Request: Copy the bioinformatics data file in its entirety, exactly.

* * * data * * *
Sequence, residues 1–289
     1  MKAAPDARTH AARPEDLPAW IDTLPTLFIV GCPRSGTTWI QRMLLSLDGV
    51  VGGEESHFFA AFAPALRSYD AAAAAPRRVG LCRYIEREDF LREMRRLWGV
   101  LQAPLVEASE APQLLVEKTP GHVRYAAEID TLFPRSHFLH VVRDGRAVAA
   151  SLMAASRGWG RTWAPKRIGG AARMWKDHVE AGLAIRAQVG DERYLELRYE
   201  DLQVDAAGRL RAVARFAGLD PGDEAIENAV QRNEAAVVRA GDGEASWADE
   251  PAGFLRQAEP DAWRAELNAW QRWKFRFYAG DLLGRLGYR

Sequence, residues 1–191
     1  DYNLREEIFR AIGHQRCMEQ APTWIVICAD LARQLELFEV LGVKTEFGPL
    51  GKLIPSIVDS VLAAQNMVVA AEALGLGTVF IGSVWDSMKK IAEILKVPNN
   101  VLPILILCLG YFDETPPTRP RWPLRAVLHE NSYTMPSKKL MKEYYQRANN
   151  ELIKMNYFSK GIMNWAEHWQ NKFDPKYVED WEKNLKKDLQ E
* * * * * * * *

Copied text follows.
Sequence, residues 1–289
     1  MKAAPDARTH AARPEDLPAW IDTLPTLFIV GCPRSGTTWI QRMLLSLDGV
    51  VGGEESHFFA AFAPALRSYD AAAAAPRRVG LCRYIEREDF LREMRRLWGV
   101  LQAPLVEASE APQLLVEKTP GHVRYAAEID TLFPRSHFLH VVRDGRAVAA
   151  SLMAASRGWG RTWAPKRIGG AARMWKDHVE AGLAIRAQVG DERYLELRYE
   201  DLQVDAAGRL RAVARFAGLD PGDEAIENAV QRNEAAVVRA GDGEASWADE
   251  PAGFLRQAEP DAWRAELNAW QRWKFRFYAG DLLGRLGYR

Sequence, residues 1–191
     1  DYNLREEIFR AIGHQRCMEQ APTWIVICAD LARQLELFEV LGVKTEFGPL
    51  GKLIPSIVDS VLAAQNMVVA AEALGLGTVF IGSVWDSMKK IAEILKVPNN
   101  VLPILILCLG YFDETPPTRP RWPLRAVLHE NSYTMPSKKL MKEYYQRANN
   151  ELIKMNYFSK GIMNWAEHWQ NKFDPKYVED WEKNLKKDLQ E